React Hooks for beginners

What are Hooks?

Once upon a time, before Hooks, if you had a function that you needed to add a state to, you had to convert the function to a class(to use State and setState()) and this needed to be defined in the constructor.

Hooks let you use state and other React features to achieve the same result in a functional component, without writing a class.

Some benefits are that writing functions instead of classes can have a great impact on performance and readability of the code. Plus, you don't need to reference the ‘this’ key word all over the place.

React hook rules

  • You can only call hooks at the top level: This means that you can not call Hooks within loops, conditionals and nested functions.
  • You should call them at the top of your react function. This is important because it allows React to call it in the same order every render.
  • You cannot call Hooks from regular vanilla JavaScript functions. You must always use a react function.

How to use react hooks

The following will demonstrate the difference in code with hooks in a class component and a functional component. The hook useState() is the most used state, this is because any data that changes in the app is called state and when the state changes we want react to update the UI, so that the changes are reflected to the end user

useState(): A typical class component would use State as follows.

Class Component

The state is defined within the constructor and set a default value of ‘count’ to 0. This code snippet shows that every time we click on the button, we add 1 to the value ‘count’.

The same thing can be achieved with a functional component :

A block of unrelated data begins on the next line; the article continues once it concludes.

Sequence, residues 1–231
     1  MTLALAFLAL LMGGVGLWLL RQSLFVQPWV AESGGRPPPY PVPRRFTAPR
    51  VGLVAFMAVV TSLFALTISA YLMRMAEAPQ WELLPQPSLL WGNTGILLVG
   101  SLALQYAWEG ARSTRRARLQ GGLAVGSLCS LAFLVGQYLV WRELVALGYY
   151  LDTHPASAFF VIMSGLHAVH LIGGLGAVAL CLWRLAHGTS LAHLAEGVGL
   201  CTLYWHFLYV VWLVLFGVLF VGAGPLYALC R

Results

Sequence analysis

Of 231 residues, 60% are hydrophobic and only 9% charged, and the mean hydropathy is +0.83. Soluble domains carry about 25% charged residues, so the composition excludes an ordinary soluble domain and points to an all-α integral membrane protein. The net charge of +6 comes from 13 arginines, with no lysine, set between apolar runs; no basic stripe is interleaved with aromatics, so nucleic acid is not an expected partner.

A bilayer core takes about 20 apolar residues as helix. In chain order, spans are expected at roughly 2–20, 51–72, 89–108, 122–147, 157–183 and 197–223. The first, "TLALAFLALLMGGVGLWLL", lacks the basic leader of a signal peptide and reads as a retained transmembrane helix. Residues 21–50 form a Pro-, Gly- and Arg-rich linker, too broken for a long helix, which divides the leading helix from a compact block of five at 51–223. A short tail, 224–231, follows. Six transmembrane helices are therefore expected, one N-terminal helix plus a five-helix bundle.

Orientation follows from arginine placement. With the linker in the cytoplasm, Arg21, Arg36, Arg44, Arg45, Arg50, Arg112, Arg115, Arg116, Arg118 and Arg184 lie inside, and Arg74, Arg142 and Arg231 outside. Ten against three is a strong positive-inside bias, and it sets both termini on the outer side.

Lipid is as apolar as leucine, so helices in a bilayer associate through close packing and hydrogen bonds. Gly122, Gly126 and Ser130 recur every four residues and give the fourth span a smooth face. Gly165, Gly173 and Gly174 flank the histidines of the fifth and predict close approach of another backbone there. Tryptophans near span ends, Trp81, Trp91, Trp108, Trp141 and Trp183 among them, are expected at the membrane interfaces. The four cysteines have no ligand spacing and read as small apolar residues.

Functional Component

You can already see that the code is much more condensed and is easier to read.

The main differences are:

  • useState() is imported from React (line 1)
  • The hook is called at the top of the function.
  • The hook takes one optional argument, which is the default state, which has been set to ‘0’. Unlike classes, the ‘state’ here doesn’t have to be an object. We can call as many useState as we like.
  • The function then returns an array that contains two values you can use within your component:
 const [count, setCount] = useState(0)
  • The reason they are returned in an array is because we can de-structure them with JavaScript to easily assign the values to local variables that we can name what ever we want.
  • One more difference is that the class uses this.setState and then this.state.count when we can to access the value, where as in the functional component we can set up a new value using the function setCount and add 1 to the current count value (line 9).

Conclusion

Hooks are the new way to keep dynamic states in function components. We can use function components with hooks the same way that we write class components.

They coexist with existing class components and they’ll still be supported in the foreseeable future.

Hooks remove the confusion that arises from JavaScript classes and also let React minify the code by providing additional optimizations that can’t be done with classes.

Sources:

https://reactjs.org/docs/hooks-overview.html
https://reactjs.org/docs/hooks-rules.html
https://reactjs.org/docs/hooks-state.html
https://reactjs.org/docs/hooks-effect.html

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Software engineer in Risk Management. Front-end:ReactJS, JavaScript, Typescript, AWS. Technology and Crypto enthusiast

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CodeByCrystal

CodeByCrystal

Software engineer in Risk Management. Front-end:ReactJS, JavaScript, Typescript, AWS. Technology and Crypto enthusiast

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